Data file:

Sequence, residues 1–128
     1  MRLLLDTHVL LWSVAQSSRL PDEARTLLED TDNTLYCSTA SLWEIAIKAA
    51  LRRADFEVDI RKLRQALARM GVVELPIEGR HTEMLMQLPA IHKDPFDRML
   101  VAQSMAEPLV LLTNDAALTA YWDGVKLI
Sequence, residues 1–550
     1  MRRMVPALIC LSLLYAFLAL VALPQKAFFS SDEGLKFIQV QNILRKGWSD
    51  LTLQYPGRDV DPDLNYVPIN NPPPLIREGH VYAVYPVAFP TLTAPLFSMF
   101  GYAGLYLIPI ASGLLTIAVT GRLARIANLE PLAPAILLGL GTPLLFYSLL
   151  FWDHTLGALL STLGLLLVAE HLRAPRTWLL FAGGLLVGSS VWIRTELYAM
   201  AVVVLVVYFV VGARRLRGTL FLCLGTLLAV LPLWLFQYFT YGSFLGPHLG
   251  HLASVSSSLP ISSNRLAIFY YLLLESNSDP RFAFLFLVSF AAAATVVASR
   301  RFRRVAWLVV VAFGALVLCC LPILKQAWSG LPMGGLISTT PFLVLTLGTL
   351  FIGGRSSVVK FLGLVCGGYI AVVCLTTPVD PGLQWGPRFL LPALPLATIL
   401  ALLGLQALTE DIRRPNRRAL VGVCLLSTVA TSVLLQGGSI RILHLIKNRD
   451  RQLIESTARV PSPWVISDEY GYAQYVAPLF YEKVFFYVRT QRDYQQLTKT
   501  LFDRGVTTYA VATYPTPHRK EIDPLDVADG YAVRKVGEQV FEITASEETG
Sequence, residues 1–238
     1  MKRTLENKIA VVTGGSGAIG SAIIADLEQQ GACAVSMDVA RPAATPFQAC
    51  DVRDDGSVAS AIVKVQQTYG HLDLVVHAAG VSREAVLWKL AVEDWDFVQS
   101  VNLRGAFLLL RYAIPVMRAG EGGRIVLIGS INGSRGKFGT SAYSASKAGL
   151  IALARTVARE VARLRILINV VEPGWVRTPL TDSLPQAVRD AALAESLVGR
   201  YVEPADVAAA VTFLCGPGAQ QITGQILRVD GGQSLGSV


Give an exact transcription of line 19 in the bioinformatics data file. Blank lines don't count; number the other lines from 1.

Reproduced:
    51  DVRDDGSVAS AIVKVQQTYG HLDLVVHAAG VSREAVLWKL AVEDWDFVQS